Gareth Bale is facing a footballer's dilemma.
Most normal folks will not sympathize with him having to choose between multi-million pound contracts in his dream job. But in the ramifications his decision will mean for others, it certainly has the high stakes of a dilemma.
Tottenham Hotspur understandably want to keep their star player. According to John Cross' article in The Mirror earlier this week, up to five clubs could be preparing bids of around £80 million for the Welshman.
Real would offer immediate Champions League football, as well as the higher wages and greater prestige that comes with playing for a club of their size and tradition.
Yet the volatile nature of the Spanish giants (who are currently searching for a new manager) might not necessarily be conducive to Bale settling in. Given the enormous price tag that would likely accompany any transfer, the pressure for him to succeed would be similarly big.
Food for thought at least, if not ultimately a dissuading factor.
In comparison, Spurs do not just offer a comforting familiarity as the 23-year-old continues his development. There is also an exciting project under way in North London.
Andre Villas-Boas' burgeoning team is progressing nicely under his management. Bale might yet want to stick around and see if this is going to turn into the real deal.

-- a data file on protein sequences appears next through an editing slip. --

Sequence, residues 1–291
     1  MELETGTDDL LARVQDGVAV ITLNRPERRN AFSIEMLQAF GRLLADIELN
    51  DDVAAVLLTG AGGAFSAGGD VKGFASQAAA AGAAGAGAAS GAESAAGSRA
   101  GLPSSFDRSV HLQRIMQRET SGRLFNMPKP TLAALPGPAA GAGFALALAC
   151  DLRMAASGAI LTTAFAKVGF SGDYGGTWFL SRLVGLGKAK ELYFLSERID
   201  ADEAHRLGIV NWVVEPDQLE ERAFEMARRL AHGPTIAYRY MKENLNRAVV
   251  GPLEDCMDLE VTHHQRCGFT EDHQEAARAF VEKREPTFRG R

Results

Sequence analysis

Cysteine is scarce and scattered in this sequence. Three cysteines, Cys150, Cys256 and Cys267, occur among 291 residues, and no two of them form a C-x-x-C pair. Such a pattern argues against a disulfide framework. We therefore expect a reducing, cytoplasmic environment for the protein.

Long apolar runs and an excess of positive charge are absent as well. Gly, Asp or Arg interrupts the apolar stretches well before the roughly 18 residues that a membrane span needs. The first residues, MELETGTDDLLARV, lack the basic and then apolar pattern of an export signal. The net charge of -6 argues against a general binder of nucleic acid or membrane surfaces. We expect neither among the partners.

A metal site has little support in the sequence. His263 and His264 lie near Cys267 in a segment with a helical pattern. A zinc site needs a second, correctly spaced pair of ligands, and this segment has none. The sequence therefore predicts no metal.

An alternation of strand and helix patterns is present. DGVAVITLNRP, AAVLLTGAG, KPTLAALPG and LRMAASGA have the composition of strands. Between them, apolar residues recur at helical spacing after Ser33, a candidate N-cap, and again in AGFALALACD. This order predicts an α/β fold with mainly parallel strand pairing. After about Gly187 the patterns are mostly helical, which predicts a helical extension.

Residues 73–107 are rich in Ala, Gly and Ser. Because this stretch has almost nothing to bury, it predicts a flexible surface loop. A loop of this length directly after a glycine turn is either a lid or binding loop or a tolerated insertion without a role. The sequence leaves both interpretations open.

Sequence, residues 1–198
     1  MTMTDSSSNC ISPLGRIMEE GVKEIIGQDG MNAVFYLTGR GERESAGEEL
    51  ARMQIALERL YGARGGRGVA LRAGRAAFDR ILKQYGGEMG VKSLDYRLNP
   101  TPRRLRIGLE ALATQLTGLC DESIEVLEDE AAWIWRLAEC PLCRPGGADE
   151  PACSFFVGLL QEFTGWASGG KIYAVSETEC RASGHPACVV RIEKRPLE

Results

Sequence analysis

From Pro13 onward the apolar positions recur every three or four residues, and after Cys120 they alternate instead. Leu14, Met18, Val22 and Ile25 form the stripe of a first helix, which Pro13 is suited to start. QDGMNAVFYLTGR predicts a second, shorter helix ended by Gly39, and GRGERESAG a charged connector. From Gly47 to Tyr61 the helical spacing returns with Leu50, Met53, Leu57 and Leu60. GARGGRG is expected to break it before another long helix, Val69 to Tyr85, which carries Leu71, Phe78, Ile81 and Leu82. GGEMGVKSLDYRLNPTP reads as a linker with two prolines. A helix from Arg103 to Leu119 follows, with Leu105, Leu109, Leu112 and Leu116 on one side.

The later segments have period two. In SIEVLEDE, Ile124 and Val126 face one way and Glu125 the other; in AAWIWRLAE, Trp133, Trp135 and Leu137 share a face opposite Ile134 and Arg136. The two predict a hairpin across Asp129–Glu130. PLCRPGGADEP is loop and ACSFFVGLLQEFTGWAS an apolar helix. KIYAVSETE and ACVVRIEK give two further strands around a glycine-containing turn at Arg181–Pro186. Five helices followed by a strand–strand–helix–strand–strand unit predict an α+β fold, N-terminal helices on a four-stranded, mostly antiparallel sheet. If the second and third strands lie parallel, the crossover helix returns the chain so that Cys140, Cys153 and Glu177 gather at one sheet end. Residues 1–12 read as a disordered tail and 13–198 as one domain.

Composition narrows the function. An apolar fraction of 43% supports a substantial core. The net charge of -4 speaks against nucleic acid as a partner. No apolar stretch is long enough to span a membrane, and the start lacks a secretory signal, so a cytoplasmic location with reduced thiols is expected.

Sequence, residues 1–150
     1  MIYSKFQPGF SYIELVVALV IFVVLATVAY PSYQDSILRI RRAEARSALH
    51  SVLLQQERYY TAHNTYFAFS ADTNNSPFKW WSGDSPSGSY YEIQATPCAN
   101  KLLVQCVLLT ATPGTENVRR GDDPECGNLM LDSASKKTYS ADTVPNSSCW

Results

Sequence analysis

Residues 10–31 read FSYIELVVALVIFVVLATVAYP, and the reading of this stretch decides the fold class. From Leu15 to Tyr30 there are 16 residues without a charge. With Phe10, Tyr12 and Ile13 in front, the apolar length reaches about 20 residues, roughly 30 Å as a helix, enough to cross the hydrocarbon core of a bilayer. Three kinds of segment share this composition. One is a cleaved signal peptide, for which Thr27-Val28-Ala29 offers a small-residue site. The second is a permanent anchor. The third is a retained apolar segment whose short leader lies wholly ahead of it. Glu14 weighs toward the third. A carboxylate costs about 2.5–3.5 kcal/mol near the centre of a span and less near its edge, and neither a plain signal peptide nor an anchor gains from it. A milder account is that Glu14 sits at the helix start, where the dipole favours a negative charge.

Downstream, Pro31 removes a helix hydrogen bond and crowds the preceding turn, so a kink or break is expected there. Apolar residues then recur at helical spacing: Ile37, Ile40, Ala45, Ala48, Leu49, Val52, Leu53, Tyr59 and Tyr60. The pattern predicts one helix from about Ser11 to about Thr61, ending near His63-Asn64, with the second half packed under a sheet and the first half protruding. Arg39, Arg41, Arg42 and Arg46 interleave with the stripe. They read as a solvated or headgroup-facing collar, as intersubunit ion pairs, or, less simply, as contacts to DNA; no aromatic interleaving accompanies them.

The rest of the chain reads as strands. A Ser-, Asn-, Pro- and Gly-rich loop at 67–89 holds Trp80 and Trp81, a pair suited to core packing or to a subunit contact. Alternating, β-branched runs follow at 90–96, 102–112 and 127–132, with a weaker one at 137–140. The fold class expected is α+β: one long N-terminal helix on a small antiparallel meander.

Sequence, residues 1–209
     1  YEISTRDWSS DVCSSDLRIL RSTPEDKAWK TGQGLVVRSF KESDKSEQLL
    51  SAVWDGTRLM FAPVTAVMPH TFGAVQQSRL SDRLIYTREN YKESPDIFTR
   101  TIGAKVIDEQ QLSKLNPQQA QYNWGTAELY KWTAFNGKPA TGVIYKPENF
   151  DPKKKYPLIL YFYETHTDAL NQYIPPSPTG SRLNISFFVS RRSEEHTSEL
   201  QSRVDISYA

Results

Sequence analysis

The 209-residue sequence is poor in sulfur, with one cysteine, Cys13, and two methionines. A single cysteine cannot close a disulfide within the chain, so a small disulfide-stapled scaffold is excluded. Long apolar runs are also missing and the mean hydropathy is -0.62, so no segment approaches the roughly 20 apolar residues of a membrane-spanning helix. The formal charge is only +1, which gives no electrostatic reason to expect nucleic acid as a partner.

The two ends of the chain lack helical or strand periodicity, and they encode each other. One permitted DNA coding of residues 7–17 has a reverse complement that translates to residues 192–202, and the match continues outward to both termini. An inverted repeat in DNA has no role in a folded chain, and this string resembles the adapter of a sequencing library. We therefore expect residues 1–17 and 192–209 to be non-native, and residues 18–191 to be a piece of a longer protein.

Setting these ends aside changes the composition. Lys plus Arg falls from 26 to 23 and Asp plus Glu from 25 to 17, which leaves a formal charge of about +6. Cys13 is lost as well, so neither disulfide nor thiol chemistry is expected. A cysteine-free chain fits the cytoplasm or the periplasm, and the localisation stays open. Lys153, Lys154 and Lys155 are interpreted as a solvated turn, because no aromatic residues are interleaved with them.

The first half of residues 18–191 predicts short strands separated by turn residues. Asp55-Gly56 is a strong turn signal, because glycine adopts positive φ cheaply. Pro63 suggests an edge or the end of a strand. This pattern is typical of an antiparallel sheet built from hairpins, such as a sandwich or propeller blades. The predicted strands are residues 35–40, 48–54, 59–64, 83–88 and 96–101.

It is here where the multifaceted nature of Bale's "dilemma" becomes apparent.
Going by Jason Burt's report in the Sunday Telegraph, Spurs "will tell Gareth Bale that he is not for sale at any price." Should this prove accurate, the situation surrounding the player's contract status comes to the fore.
Hardly anyone is expecting Bale to extend his deal beyond 2016 (which it runs to in its current form) this summer. Just after the season's conclusion, reports in The Guardian and London Evening Standard suggested revised terms were to be agreed imminently.
These included improved wages and a £50 million transfer release clause which could only be activated from summer 2014. Evidently, nothing along these lines has yet been formally agreed between Bale and Spurs.
It is a difficult balancing act for the multi-award winning player. Improving his contract terms would be tempting. But in terms of his own future, he is already in an ideal situation.
If he is fine with staying at least one more season, Bale already has wiggle room to make a decision following 2013-14. Should circumstances have swayed him into staying longer at Spurs, a new contract can easily be negotiated.
Deciding to move on will be made simpler for a couple of reasons. Spurs will still (likely) not contemplate any offers from rival English clubs, but a bid from abroad would be more tolerable in the knowledge it will be their last chance to make big money for Bale.
As an example of this, Manchester United paid £24 million for Robin van Persie in 2012. The Dutchman had one year left on his contract at Arsenal at that stage. Had he gone a year earlier, the Gunners could easily have demanded even more for their best player.
By showing loyalty to Spurs a year earlier (i.e. right now, this summer), Bale will have bought some understanding about wanting to leave. Especially if on-pitch developments this season do not match his ambition.
Conjecture though this all may be, it says a lot about the stature of Bale right now in European football.
Really, Tottenham only need him to confirm to them, and publicly, he wants to stay. However, the realities of the sport are that the club would feel a lot better if they got this in writing.
Until something is confirmed either way, be prepared for plenty more speculation.